How to Become a Project Manager in 5 Steps

Written by Coursera Staff • Updated on

As a project manager, you will need to have the skills to lead a team from inception to completion of a project. Find out what it takes to become a project manager in this article from Coursera.

[Featured Image]: Project Manager discusses the latest information with a team member.

To begin a career as a project manager, you need to gain new competencies, understand project management approaches and methodologies, and complete project manager certifications.

As a project manager, you will bring a team together to achieve the specific goals of a project. You'll need to be highly organised, have great people skills and be able to make strategic decisions in order to succeed in this key organisational role. 

Read on to find out more about how you can become a project manager.

How do you become a project manager?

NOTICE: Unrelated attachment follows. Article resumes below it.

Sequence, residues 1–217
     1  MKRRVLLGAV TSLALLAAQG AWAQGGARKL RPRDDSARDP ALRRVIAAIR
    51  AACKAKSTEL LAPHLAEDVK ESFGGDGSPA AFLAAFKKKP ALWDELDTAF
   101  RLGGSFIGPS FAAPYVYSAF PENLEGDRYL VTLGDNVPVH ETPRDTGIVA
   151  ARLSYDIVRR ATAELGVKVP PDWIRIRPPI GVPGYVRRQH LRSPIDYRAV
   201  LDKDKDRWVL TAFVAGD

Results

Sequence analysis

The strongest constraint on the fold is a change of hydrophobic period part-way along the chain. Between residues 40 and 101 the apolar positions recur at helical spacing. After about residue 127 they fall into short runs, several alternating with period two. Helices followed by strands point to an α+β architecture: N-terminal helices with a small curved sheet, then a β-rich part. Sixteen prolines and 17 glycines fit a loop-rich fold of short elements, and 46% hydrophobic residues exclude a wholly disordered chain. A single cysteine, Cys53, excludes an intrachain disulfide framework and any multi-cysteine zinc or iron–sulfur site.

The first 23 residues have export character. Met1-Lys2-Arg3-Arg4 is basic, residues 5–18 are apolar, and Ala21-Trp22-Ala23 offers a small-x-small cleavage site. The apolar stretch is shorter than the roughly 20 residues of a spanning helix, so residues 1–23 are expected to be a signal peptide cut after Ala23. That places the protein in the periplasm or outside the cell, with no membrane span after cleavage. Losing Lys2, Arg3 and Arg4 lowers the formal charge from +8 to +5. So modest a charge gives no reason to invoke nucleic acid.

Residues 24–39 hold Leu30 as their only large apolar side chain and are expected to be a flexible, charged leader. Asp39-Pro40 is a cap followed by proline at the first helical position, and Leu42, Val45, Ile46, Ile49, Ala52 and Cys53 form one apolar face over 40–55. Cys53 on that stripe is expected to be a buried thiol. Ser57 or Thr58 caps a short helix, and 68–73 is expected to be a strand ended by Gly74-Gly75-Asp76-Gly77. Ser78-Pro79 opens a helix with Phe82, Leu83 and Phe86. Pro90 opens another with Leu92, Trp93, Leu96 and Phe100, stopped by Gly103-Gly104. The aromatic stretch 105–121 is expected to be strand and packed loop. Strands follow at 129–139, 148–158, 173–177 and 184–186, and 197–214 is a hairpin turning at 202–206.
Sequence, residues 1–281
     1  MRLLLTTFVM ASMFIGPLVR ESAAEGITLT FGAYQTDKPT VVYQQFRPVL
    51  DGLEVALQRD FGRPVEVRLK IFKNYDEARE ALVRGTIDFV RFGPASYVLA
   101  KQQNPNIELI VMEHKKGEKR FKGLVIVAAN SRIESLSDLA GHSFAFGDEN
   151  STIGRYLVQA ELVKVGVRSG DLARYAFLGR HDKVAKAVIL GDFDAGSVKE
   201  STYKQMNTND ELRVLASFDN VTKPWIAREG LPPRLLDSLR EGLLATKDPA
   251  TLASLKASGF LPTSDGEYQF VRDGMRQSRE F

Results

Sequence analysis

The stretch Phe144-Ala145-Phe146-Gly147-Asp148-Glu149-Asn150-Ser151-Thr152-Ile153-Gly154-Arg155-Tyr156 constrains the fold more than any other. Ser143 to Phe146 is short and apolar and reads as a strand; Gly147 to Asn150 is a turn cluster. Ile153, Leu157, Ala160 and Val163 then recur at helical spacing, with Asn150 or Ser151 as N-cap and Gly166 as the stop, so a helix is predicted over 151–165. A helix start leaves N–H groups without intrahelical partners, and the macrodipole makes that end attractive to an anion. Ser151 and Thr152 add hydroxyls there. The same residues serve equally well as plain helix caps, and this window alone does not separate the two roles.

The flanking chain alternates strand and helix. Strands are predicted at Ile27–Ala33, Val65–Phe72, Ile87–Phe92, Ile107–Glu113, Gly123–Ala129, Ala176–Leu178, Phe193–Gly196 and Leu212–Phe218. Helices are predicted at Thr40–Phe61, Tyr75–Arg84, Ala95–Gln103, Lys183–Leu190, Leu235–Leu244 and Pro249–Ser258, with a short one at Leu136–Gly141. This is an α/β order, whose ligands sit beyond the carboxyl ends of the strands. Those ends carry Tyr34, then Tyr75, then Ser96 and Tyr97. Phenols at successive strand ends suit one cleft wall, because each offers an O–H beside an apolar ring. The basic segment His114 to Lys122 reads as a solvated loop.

There is no single path to project management. There are project management degrees and master's degrees in UK universities that provide you with the knowledge, skills, and training you need to be a project manager. However, a lot of project managers find themselves on the project leadership career path after showing aptitude on projects, without a specific degree. Whether you have a degree or not, there are certain steps that you need to take to become a project manager. 

Let's take a look at what they are.

Consider the competencies you already have

It's easy to undervalue the competency set they already hold, but you may be more experienced in project management than you think. If you've been the go-to person in a project to reorganise an office, or have been given the role of leading work towards a new compliance audit, then you may have built many of the skills involved in project management.

If you have managed schedules, led teams, developed Gantt charts, and worked through the full project life-cycle, then you may be in a position to apply for project manager roles.